Changing times for Bahrain

Bahrain GP 2006

Bahrain GP 2006 

 © The Cahier Archive

These are not easy times for Bahrain, despite the efforts being made by the authorities to create a tourist paradise in the years ahead. The Formula 1 Grand Prix is an important part of that process along with massive construction projects which are either underway or now being planned. The vast Bahrain Financial Harbour is already rising above Manama and elsewhere on the island work is progressing on other huge projects such as the $1.5bn Bahrain Bay development and Durrat Al Bahrain, a luxury marina resort which will be built on 13 man-made islands on the east coast. Over near the Sakhir Circuit there are plans for a several resort areas near the track and the Sakhir City business park.

In recent days a Danish company called Henning Larsens Tegnestue has announced plans to build a skyscraper in Bahrain which will be twice as tall as the world's current tallest building - at a startling 1022m.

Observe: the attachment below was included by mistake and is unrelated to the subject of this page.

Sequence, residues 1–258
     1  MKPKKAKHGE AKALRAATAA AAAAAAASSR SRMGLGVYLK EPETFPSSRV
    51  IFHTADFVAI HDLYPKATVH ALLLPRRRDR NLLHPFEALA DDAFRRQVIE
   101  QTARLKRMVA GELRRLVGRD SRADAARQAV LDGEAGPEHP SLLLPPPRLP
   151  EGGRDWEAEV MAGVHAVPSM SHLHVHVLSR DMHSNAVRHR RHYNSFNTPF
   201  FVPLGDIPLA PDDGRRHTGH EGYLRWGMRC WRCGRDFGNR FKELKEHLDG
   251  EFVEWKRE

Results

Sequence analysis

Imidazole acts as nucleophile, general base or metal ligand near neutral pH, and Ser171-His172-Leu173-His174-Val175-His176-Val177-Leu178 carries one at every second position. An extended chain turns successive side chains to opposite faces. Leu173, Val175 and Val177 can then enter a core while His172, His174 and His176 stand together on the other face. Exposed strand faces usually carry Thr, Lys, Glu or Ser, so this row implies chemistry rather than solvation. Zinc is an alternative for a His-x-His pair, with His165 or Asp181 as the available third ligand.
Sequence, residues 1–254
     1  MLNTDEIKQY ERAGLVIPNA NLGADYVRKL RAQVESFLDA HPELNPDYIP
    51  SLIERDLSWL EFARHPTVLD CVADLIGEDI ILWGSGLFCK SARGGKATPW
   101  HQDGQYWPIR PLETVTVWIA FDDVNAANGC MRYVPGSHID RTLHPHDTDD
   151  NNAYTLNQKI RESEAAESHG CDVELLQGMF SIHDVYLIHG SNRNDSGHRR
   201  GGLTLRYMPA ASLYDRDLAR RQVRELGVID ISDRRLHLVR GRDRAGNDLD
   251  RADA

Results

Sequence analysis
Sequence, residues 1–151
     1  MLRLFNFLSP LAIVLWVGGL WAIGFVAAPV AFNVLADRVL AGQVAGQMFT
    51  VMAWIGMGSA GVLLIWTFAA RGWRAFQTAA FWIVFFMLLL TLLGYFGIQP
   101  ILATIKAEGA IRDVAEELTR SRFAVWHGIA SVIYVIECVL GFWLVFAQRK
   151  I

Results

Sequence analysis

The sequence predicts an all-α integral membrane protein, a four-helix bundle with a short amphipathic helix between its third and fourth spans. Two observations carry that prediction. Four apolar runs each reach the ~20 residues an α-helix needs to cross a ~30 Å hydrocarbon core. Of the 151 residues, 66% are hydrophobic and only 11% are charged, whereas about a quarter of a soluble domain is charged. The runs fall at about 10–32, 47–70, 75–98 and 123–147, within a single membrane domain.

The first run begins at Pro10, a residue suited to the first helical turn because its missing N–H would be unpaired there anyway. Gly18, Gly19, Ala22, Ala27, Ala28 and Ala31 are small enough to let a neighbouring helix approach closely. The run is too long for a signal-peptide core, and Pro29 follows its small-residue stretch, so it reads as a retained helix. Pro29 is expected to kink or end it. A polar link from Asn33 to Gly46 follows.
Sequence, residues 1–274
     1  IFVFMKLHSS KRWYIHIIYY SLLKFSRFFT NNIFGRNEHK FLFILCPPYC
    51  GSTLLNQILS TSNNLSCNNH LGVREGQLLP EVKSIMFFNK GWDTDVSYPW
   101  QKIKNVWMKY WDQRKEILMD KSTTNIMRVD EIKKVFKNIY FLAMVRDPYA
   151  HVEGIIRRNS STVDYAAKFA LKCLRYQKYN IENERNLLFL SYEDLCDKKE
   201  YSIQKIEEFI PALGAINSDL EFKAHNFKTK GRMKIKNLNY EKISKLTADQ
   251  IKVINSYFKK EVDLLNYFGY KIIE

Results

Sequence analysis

But amid all this optimism and glitter, Bahrain has become increasingly troubled in recent months by civil disorder. In part this is due to economic unrest among the local population and in part there seems to be political and religious elements to the troubles as the Shiite majority campaigns for more of a political voice in the run-up to elections in the autumn. In the last few days there have been a series of "sound bombs" in an around Manama - which make a lot of noise - and Molotov cocktail attacks on police vehicles. On Sunday seven vehicles belonging to construction companies were set on fire by protesters. These demonstrations are designed to draw attention to the tensions in the country, just as the riot that took place during the Grand Prix weekend in March was meant to do.

Much depends on how the government reacts to the challenges and the choice seems to be to either oppress or appease. The latter may seem like a logical move but there are fears that Shiite influence from Iran will increase if the country liberalises too much. With Shiites representing 70% of the population and the power held by a Sunni minority, that might be a dangerous step for the current rulers. Perhaps economic development will eventually filter down to the man on the street and unrest will subside but Formula 1 needs to be aware and to watch developments carefully in the months and years ahead.

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